Quanta Fluid Solutions said Tuesday it won a $2.9 million (UK £1.85 million) grant from the U.K.’s National Institute for Health Research to support a new nocturnal hemodialysis product.
The grant will go towards the development of a new dialysis machine concept that is specifically designed for nocturnal use, Quanta said. With the funds, Quanta is slated to develop a series of new technologies to optimize the delivery of nocturnal dialysis.
“We are excited to have been awarded i4i funding from the NIHR. This will enable us to develop our product offering in promising new directions and to investigate the potential of new technologies for a nocturnal system designed to bring even greater benefits to renal patients. The i4i award is a validation of Quanta’s vision and capacity for innovation in dialysis technologies. We look forward to working with Sheffield University and Europlaz Technologies in developing this new concept,” CEO John Milad said in a press release.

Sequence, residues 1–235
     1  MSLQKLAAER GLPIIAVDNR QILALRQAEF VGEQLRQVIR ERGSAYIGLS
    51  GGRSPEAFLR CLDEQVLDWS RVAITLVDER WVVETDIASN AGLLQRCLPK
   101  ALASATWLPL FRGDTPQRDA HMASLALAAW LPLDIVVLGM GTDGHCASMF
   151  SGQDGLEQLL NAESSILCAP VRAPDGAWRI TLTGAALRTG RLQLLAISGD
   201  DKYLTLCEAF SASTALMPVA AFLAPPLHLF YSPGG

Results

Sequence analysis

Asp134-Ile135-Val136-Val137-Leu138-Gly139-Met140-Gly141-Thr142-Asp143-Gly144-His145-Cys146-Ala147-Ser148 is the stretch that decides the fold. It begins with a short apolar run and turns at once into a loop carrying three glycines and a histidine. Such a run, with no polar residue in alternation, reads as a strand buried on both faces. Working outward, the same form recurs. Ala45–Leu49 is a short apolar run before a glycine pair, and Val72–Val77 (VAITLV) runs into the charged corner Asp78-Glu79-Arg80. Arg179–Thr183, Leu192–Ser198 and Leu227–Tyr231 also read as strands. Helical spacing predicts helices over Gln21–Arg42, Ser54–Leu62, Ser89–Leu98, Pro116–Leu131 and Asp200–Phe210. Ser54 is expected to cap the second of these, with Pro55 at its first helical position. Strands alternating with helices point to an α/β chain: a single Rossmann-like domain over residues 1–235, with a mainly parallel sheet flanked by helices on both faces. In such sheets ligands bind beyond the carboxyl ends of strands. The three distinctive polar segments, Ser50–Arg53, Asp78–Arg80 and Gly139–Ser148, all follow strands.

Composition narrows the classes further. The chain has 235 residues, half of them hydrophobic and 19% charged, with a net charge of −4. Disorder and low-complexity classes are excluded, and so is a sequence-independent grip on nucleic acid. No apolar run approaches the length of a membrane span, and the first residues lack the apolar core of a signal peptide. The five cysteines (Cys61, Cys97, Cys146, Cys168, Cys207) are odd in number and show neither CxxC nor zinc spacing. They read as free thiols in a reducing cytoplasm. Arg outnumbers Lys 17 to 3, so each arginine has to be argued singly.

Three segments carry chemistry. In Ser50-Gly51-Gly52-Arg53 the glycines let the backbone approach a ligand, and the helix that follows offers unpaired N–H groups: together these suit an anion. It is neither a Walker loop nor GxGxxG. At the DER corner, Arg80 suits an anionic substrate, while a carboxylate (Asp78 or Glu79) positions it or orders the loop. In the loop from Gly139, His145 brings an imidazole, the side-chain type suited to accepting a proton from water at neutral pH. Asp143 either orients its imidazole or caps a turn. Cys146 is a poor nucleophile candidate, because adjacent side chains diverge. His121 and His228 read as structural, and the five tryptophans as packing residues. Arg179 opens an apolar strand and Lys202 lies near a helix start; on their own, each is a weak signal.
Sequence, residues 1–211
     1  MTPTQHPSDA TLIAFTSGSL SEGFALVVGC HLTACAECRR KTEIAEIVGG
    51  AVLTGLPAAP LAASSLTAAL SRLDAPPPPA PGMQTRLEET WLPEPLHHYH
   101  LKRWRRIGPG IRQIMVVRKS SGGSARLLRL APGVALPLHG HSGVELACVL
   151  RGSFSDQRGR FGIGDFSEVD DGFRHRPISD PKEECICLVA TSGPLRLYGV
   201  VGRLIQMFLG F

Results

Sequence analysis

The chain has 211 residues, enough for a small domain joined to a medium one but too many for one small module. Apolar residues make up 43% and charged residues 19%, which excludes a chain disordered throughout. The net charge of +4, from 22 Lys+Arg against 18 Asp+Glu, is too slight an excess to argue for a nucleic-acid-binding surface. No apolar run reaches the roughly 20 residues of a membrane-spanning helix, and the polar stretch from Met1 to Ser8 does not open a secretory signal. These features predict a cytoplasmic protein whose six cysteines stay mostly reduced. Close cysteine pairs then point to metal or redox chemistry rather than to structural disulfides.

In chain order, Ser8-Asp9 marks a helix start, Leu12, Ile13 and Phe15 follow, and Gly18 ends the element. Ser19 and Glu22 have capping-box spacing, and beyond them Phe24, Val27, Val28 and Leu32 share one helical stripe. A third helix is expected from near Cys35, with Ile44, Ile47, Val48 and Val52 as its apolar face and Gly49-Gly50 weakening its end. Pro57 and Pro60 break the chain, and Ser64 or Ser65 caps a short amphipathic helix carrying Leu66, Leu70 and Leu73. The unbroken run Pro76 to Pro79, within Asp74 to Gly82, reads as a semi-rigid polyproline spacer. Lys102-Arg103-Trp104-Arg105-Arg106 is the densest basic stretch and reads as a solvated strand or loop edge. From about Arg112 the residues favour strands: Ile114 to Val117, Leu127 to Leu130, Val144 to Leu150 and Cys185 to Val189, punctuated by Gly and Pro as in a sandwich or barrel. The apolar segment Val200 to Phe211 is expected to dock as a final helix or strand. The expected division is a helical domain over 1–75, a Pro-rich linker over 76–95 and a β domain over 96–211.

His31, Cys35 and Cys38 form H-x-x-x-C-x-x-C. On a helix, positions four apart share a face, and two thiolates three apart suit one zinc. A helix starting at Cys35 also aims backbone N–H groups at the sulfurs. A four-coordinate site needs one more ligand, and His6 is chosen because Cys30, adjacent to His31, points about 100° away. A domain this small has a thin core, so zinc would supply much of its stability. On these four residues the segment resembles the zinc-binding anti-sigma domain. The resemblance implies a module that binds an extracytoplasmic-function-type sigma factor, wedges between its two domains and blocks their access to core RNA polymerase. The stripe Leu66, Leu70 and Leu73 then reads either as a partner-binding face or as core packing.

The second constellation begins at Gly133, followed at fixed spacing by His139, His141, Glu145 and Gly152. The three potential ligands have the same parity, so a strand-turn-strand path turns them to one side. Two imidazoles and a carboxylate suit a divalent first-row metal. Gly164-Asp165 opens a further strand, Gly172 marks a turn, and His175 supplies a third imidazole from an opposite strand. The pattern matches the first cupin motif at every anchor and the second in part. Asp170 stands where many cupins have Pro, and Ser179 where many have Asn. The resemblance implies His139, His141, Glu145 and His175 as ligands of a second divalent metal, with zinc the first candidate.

Quanta will be collaborating with William Zimmerman of Sheffield University’s department of chemical and biological engineering and Europlaz Technologies for the project. The team at Sheffield University will contribute towards multi-physics modeling of haemodialysis and Europlaz will aid in the development of technologies to be used in designing disposable cartridges for the system.
“We believe that, with NIHR funding and the work Quanta is already doing in the dialysis space, SC+ has the potential to change the way dialysis patients are treated. Our award validates the unique positioning of i4i in de-risking early stage, innovative technologies for later stage investment. The addition of a nocturnal system would give patients even more flexibility and control over their treatment options and we are looking forward to seeing the results of this promising project,” NIHR i4i program director Martin Hunt said in prepared remarks.
Nocturnal dialysis is generally a long overnight treatment that more accurately imitates natural kidney function and is gentler on the body, Quanta said. Frequent nocturnal dialysis has been shown to increase 5-year survivability comparable to donor transplants, the company said.